The city of Sacramento will deploy 100 air quality monitors to expand community air quality monitoring, particularly in low-income neighborhoods and communities of color disproportionately impacted by air pollution.
In partnership with the Sacramento Metro Air District, the $500,000 pilot program approved by City Council on Sept. 21 will prioritize placing sensors in neighborhoods that have historically lacked real-time, localized air quality information such as Franklin, Fruitridge, Northgate and Gardenland.
“We (already) have very high-performing regulatory monitors,” said Jennifer Venema, who leads the City of Sacramento Office of Climate Action and Sustainability, “but what we haven’t had is block-by-block neighborhood coverage.”
Researchers have consistently found that poor neighborhoods and communities of color across California and the United States have worse air quality, in part because they are surrounded by freeways and industrial building, and lack green spaces and trees.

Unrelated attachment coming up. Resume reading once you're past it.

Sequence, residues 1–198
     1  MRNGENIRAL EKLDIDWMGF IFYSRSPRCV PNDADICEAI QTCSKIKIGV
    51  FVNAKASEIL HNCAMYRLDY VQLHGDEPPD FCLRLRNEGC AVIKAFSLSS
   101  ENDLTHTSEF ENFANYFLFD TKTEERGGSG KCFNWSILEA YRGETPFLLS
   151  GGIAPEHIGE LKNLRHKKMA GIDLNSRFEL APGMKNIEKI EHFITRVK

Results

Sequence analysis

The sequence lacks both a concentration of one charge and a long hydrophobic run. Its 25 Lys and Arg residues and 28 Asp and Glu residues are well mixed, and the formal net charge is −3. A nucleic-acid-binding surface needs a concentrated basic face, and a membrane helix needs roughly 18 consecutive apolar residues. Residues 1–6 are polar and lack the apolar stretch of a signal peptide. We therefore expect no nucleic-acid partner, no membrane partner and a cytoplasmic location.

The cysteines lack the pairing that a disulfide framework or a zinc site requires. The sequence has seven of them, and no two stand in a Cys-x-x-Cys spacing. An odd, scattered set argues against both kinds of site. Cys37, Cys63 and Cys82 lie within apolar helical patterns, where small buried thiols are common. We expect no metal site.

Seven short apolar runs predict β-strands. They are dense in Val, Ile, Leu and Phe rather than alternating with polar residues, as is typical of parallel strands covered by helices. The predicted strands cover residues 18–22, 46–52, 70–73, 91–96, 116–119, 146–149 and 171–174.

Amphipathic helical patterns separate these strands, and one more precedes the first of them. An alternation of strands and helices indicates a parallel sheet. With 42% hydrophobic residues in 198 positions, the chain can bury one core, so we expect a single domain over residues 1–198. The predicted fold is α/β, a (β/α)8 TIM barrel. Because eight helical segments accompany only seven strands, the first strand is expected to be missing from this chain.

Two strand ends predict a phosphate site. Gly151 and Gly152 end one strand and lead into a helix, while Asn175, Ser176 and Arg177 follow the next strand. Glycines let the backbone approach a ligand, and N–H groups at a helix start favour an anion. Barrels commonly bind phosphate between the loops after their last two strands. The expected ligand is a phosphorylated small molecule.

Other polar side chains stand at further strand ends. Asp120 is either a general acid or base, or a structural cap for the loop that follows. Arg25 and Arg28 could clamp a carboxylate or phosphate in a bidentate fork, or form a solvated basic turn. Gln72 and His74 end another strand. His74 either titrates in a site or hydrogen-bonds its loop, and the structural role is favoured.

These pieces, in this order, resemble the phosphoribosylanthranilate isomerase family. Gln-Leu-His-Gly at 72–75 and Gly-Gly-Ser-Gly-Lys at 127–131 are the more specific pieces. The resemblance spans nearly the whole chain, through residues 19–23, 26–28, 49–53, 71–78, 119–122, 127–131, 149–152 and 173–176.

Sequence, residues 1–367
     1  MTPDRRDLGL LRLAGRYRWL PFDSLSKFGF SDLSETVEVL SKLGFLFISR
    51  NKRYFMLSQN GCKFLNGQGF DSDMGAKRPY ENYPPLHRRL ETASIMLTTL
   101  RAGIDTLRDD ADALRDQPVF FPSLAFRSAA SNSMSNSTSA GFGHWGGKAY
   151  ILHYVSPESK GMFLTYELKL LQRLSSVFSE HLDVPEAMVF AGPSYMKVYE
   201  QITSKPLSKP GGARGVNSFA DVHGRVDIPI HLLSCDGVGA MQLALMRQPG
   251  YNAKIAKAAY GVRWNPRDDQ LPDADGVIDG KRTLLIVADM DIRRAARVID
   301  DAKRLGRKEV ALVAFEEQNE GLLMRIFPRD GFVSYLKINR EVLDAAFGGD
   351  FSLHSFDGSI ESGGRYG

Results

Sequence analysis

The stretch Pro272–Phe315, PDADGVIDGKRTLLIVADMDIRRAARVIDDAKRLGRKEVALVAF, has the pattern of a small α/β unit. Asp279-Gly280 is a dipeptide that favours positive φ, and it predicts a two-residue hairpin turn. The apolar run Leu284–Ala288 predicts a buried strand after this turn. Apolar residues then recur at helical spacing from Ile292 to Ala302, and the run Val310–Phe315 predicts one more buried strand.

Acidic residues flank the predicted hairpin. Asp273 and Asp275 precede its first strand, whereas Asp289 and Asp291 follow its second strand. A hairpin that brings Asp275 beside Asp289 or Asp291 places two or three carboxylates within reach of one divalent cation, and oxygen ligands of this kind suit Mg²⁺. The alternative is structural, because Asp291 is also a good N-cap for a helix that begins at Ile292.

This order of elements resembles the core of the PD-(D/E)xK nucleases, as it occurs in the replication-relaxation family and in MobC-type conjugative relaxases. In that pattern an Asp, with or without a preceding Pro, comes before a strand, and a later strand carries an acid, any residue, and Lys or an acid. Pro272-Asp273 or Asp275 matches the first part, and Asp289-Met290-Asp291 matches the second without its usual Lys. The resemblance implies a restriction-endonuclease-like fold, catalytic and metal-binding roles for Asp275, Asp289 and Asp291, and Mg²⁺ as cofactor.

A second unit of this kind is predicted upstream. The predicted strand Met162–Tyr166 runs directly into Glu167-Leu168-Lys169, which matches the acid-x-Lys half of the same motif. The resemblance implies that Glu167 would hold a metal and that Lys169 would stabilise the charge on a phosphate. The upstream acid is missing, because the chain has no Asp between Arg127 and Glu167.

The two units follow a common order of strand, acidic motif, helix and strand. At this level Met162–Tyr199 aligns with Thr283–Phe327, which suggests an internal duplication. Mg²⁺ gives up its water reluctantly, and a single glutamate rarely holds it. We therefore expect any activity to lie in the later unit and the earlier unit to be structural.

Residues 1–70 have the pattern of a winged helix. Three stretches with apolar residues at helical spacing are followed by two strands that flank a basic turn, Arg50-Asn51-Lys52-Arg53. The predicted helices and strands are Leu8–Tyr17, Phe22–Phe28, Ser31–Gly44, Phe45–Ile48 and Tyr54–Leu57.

“We consistently have neighborhoods with poorer health, poorer air, higher healthcare costs,” said Councilman Eric Guerra, who also serves as chair of the Sacramento Metro Air District. “Those kinds of issues have a trickle-down effect on the economics and health of our community.
But it’s been a trend that, until now, has been harder to track in Sacramento. With the 100 additional monitors, Sacramento will see an unprecedented level of air quality monitoring, Venema said — an important achievement that will be vital in the years to come, as climate change fuels more intense wildfires and more frequent hot summer days.
The block-by-block data could be used by school districts to determine when it’s safer to close school for in-person instruction, Guerra said, or better to keep schools open if students would otherwise experience poorer air quality in their homes.
But Guerra envisions the data will be an important tool to leverage for future climate change initiatives or policy decisions. By understanding trends in air pollution and who’s most effected, that could encourage more investment in, for example, electric public transit. Twin Rivers Unified School District, Guerra pointed out, now has a fleet of 40 zero-emission school buses, and more school districts are doing the same.